Maine Gov. Paul LePage has not ruled out the possibility of resigning in the middle of his current term after leaving a profanity-laced voicemail last week for a state representative accused of calling him racist.
"I'm looking at all options," LePage, a Republican, said Tuesday while speaking with WVOM. "I think some things I've been asked to do are beyond my ability. I'm not going to say that I'm not going to finish it. I'm not saying that I am going to finish it."
He apologized to Rep. Drew Gattine, a Democrat, for leaving an expletive-laden voicemail for the state legislator. LePage claimed Gattine called him racist after the governor said at a town hall Wednesday that photos he's collected in a binder of drug dealers arrested in the state showed that 90 percent of them "are black and Hispanic people from Waterbury, Connecticut; the Bronx; and Brooklyn."
Gattine has denied the allegations, telling CNN: "I'm not a name caller. … Calling somebody a racist is one of the worst things you can ever call somebody. And it's not something that I've ever called anybody."
In a voicemail first obtained by the Portland Press Herald, LePage demanded to speak with Gattine "to prove that I'm racist."
"I've spent my life helping black people and you little (expletive), socialist (expletive)," he said. "I want you to record this and make it public because I am after you."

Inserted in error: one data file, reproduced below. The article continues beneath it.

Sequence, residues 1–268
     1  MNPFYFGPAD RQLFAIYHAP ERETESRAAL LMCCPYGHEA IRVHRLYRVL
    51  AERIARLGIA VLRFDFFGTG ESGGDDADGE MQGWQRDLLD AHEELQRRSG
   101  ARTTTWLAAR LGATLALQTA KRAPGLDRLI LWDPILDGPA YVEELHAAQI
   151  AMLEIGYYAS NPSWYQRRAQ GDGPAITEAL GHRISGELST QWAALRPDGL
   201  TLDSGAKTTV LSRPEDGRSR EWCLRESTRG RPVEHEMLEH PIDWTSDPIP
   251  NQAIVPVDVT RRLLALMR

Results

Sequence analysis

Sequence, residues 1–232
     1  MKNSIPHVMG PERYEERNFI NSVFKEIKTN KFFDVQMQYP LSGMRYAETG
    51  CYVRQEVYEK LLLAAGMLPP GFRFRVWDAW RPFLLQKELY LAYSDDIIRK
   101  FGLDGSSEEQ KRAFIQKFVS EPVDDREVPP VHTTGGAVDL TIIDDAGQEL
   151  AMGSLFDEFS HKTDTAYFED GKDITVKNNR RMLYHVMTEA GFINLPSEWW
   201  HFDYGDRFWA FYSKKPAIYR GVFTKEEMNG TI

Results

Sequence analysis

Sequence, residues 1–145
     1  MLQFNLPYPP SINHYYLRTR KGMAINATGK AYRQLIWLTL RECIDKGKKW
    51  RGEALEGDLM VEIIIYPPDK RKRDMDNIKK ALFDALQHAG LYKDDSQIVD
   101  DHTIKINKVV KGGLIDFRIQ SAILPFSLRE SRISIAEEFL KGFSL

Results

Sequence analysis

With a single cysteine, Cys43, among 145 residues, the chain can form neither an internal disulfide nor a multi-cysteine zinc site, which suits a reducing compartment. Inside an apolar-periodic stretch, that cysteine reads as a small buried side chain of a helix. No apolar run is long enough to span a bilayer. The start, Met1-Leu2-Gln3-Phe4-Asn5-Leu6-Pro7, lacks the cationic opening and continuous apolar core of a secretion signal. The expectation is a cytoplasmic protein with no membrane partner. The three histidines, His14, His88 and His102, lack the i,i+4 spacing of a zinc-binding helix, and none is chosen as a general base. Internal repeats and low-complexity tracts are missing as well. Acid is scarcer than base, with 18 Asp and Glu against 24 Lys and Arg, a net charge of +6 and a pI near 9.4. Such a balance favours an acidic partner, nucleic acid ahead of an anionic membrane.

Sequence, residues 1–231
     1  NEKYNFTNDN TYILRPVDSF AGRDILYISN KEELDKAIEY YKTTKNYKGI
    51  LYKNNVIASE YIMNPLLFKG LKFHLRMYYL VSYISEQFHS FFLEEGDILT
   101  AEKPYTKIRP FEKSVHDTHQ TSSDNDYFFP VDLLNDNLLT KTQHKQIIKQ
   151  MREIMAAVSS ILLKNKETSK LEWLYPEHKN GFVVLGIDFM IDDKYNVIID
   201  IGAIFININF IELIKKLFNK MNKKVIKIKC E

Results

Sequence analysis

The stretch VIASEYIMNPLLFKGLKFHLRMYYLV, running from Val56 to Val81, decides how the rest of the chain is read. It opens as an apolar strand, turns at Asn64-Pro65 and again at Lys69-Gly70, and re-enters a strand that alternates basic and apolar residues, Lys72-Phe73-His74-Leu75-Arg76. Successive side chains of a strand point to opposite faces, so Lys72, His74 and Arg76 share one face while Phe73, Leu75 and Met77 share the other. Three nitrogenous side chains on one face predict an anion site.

According to the Press-Herald, LePage left the voicemail after a television reporter "appeared to suggest that (Gattine) was among several people who had called the governor a racist."
LePage told WVOM he was still upset by the purported name calling when he left his message Thursday, likening the term to "calling a black man the 'N' word or a woman the 'C' word. It just absolutely knocked me off my feet."
LePage assumed office in 2011 with the backing of Tea Party activists. He has been a staunch critic of President Barack Obama and has previously come under fire for controversial comments regard race.
He initially endorsed New Jersey Gov. Chris Christie for president, but in February threw his weight behind Republican presidential nominee Donald Trump.
The Associated Press contributed to this report.